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Overpowering helminth-mediated immune-modulation is a route towards vaccine development against these major animal pathogens (HELIVAC)
Date du début: 1 juin 2013, Date de fin: 31 mai 2018 PROJET  TERMINÉ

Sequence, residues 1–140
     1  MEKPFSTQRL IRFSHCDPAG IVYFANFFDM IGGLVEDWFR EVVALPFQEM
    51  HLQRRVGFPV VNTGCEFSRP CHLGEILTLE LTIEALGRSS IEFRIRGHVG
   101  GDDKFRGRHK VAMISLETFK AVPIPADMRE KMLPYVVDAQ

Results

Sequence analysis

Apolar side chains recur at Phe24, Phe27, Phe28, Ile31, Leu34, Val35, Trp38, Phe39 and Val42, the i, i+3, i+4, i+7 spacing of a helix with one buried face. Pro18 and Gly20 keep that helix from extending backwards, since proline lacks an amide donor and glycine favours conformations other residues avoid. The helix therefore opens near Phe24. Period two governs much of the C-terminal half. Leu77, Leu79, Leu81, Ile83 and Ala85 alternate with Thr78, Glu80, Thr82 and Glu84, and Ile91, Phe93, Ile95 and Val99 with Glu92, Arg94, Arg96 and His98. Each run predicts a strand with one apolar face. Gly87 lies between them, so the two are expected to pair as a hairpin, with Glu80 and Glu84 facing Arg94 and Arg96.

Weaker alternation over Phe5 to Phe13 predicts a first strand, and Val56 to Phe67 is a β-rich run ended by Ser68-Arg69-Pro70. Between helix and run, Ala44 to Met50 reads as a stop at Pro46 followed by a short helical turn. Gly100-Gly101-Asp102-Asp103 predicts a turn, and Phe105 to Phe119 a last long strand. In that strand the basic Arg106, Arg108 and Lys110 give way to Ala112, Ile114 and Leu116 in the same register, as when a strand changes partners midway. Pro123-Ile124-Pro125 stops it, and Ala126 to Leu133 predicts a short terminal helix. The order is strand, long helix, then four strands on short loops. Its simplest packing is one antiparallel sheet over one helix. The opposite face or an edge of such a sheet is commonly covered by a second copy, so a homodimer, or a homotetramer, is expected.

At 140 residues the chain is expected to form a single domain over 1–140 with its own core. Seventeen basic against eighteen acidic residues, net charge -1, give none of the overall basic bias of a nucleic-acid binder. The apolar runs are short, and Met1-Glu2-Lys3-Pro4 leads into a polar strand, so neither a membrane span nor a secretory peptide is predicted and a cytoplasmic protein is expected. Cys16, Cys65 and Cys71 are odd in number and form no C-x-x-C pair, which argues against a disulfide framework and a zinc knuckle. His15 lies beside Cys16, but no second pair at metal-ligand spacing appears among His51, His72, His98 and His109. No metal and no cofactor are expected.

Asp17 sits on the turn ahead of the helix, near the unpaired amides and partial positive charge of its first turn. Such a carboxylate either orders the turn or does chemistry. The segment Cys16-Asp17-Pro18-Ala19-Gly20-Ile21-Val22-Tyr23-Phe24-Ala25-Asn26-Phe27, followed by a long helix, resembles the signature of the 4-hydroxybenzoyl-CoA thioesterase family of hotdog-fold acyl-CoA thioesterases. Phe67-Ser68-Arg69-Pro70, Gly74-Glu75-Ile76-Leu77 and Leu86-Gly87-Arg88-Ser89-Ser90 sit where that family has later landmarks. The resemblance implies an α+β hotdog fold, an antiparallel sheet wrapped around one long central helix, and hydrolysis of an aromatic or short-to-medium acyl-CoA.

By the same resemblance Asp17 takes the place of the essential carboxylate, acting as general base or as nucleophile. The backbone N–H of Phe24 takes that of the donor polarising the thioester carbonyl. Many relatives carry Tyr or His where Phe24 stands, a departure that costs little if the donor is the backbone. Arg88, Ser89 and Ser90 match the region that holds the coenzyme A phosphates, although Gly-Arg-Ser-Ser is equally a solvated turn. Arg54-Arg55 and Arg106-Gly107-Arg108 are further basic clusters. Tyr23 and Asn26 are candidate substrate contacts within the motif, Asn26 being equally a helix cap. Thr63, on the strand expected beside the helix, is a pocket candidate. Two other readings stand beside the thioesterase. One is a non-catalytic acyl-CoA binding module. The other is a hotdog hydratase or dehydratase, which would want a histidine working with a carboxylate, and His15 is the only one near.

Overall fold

"Helminth (worm) pathogens cause >55% of all animal diseases which result in enormous losses to the global agricultural economy. Since the use of chemical products to treat worms is not sustainable in the long term because of the continual emergence of drug-resistant parasites and consumer concerns about what they eat, control by vaccines is the most appropriate way forward. However, there are presently no vaccines for any animal or human helminth pathogen.We hypothesise that the ability of helminth parasites to suppress the protective arm of the immune response explains why we have been unsuccessful in developing efficacious vaccines against these pathogens. During helminth infection the function of innate immune cells, dendritic cells (DCs) and macrophages, is manipulated by the parasite to create a T helper (Th) cell 2-driven immune response that is beneficial to its survival, while simultaneously suppressing the immunoprotective Th1-driven response. This helminth-induced immune modulation is induced by the secretion of specific parasite immunomodulatory molecules.Focusing on the helminth that causes animal and human fascioliasis (liver fluke disease), we will ‘turn-the-table’ on this parasite by targeting its immunomodulatory mechanisms and develop vaccine formulations that induce potent protective Th1-inducing humoral and cellular immune responses.The project involves both innovative and discovery approaches in the search for novel helminth immunomodulatory molecules, and a translational element that will bring these findings into a useful veterinary medicine application for the end-users, farmers and consumers. The breakthrough of this project, therefore, will not only be the development of a vaccine against liver fluke disease, but also the opening of a new route towards the control of many other major helminth pathogens of both animals and humans."